Why a tiny gap makes a big difference for homogenization
What happens to a drop of milk as it passes through a homogenizer? How exactly does the drop break up, and where precisely does the break-up happen?
Groundbreaking research by Fredrik Innings, who is senior expert at Tetra Pak and associate professor of food engineering at Lund University, drew some interesting conclusions about this fundamental process that lies at the heart of the homogenizer.
What follows here is the abstract of that study. To read the study in full, fill in the form at the Tetra Pak website here.
Drop Break-up in High-Pressure Homogenizers
The overall aim of this project was to investigate the drop break-up process in milk homogenizers. This was done by measurements and calculations of the flow fields in the gap region and by visualization of drops being broken up.
To make visualization and measurements possible, two scale models of a homogenizer gap were developed. The full-scale model was a direct copy of the gap in a production-scale homogenizer, but with optical access. Normal operational homogenization pressures could be tested, and drops down to 5µm in diameter could be visualized.
The second model was scaled-up about 100 times ensuring that the relevant dimensionless groups were kept constant, so that the same factors governed the drop break-up process. The scaled-up model was made of transparent plastic and was used for both velocity field measurements and drop visualization.
From these measurements it was concluded that the drops did not break up in the entrance of the gap. Larger drops were elongated to some extent and smaller ones remained spherical. Not much happens in the gap itself. The velocity profile is very flat throughout the gap in a production-scale homogeniser.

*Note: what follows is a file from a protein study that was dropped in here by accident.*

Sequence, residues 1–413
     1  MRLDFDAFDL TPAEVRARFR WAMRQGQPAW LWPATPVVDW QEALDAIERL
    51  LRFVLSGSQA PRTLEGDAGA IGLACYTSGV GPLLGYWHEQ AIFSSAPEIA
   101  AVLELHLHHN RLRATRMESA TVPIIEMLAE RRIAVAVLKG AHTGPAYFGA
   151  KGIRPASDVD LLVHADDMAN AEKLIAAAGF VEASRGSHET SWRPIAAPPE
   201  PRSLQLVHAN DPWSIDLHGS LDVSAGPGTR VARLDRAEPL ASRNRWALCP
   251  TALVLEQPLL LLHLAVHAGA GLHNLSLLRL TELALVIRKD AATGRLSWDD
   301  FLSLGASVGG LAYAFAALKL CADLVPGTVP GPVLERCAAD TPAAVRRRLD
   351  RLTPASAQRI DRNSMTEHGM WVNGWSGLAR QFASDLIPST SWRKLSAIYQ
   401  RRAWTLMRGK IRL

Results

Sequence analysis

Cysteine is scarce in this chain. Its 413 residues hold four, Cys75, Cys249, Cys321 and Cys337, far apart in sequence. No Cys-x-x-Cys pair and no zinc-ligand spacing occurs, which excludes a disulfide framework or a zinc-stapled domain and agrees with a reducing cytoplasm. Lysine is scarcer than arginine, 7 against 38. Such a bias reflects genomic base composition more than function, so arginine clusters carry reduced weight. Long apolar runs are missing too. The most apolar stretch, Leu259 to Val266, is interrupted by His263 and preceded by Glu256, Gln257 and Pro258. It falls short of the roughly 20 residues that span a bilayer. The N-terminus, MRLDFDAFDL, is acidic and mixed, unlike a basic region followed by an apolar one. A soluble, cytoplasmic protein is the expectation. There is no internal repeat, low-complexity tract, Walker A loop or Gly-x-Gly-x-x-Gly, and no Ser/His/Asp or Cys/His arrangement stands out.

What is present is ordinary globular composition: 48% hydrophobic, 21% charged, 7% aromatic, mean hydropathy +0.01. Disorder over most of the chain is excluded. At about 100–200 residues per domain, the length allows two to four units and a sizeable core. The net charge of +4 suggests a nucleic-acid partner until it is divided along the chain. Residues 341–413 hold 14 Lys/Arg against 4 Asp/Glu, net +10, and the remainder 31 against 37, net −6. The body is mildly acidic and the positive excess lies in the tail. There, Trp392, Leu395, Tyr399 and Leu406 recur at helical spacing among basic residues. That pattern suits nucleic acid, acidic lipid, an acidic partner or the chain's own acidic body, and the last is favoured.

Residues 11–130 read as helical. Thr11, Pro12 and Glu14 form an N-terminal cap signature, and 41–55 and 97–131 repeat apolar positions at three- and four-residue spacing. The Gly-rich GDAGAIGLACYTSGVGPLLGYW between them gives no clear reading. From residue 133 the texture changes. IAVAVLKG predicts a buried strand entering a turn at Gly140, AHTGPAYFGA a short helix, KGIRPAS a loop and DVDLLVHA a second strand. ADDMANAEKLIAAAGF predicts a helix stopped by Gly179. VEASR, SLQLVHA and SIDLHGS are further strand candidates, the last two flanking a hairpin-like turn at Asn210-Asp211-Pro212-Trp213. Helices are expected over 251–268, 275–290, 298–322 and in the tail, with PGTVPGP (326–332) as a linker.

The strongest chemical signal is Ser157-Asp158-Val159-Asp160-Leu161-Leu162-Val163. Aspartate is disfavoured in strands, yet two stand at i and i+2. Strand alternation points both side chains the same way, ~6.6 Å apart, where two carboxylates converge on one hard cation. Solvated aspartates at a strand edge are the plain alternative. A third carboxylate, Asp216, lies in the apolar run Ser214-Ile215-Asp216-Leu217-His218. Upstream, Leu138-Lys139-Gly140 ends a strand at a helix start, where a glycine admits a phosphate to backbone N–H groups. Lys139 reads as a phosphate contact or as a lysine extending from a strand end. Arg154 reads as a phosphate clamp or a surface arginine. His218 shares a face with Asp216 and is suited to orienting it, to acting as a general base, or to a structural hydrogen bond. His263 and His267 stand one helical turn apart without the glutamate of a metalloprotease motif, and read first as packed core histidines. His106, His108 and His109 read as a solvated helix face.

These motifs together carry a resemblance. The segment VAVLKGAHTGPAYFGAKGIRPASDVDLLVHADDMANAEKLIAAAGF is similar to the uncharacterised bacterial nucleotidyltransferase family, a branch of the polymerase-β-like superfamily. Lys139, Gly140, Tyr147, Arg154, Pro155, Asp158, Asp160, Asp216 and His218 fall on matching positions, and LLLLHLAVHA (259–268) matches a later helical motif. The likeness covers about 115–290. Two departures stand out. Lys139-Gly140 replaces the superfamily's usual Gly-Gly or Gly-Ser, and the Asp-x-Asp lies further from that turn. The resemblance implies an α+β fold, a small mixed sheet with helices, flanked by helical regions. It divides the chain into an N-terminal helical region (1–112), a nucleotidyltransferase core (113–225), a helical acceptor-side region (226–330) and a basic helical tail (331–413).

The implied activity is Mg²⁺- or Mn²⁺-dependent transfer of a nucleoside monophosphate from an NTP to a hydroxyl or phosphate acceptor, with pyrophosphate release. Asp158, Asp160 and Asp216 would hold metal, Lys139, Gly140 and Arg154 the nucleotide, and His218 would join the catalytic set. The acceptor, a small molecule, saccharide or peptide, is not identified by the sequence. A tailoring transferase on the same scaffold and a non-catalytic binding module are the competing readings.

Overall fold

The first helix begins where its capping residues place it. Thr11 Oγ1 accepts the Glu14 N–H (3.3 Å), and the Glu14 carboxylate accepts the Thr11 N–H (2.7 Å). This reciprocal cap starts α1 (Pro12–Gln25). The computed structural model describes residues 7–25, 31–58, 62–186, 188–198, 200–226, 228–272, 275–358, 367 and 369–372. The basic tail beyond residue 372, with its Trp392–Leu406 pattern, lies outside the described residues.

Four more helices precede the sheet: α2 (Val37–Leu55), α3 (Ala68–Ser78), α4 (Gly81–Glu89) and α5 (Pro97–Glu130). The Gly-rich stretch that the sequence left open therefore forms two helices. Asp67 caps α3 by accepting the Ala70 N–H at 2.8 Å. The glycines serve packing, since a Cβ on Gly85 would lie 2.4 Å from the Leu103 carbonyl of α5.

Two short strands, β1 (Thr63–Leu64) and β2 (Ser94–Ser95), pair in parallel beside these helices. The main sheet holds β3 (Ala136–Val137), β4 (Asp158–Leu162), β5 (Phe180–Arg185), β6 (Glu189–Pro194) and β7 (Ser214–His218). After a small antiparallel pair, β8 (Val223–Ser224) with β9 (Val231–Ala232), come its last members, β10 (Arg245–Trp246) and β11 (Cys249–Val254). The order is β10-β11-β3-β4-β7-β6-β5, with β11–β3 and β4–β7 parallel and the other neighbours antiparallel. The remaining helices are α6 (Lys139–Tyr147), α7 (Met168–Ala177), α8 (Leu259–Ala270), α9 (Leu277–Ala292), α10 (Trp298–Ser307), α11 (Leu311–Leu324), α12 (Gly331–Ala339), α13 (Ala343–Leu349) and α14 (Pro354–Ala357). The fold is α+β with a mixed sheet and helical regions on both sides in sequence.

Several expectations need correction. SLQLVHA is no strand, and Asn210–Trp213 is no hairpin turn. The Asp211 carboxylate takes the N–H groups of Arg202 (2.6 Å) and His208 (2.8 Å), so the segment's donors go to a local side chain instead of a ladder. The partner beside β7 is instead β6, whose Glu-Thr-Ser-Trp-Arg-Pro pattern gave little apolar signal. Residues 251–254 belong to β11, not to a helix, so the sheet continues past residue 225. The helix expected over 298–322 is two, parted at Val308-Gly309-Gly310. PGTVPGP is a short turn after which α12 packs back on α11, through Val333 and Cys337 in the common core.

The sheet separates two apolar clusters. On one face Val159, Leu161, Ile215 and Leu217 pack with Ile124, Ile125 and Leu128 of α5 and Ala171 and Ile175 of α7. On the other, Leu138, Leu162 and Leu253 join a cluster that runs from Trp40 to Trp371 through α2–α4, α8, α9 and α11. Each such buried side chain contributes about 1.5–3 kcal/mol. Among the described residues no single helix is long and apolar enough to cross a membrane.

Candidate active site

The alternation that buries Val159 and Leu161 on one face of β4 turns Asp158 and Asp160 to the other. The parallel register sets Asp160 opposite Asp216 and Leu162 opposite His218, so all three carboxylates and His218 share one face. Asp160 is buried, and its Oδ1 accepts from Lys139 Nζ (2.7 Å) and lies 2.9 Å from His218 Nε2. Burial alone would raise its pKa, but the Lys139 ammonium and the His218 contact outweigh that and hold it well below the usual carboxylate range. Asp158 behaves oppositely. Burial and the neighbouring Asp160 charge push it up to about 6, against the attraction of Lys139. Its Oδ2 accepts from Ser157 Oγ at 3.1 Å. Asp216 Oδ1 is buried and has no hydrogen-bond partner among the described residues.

In a pilot-scale homogeniser the boundary layers have time to grow and the velocity profile is almost developed at the gap exit. The growing shear layers seem to have a limited effect on the drops. During passage through the gap small drops will have time to relax back to their spherical shape, while large ones will leave the gap with almost the same aspect ratio as when they entered it.
This study shows that drop break-up takes place in the turbulent jet at the gap outlet. The flow velocity measurements show a very unsteady jet breaking down faster than a jet in a free liquid. Depending on the geometry of the chamber at the gap outlet, the jet can attach to either of the 45-degree walls and become a wall jet.
The turbulence in the jet is very high, with turbulence intensities of 50-100%. Indications were found that flow structures of the size of, or slightly smaller than, the gap height, have very high intensities. Drop deformation experiments and theoretical analyses show that the eddies breaking up the drops range in size from much larger than, to just smaller than, the drop. The larger eddies deform the drop viscously by the velocity gradient created by the eddy. The smaller eddies deform the drop by fluid inertia.
The critical phase of the drop break-up process is the initial deformation. If the drop is deformed to an aspect ratio of 3-5, the drop is then very quickly elongated into one or more filaments which may be bent, coiled and further deformed before they break up into many small droplets.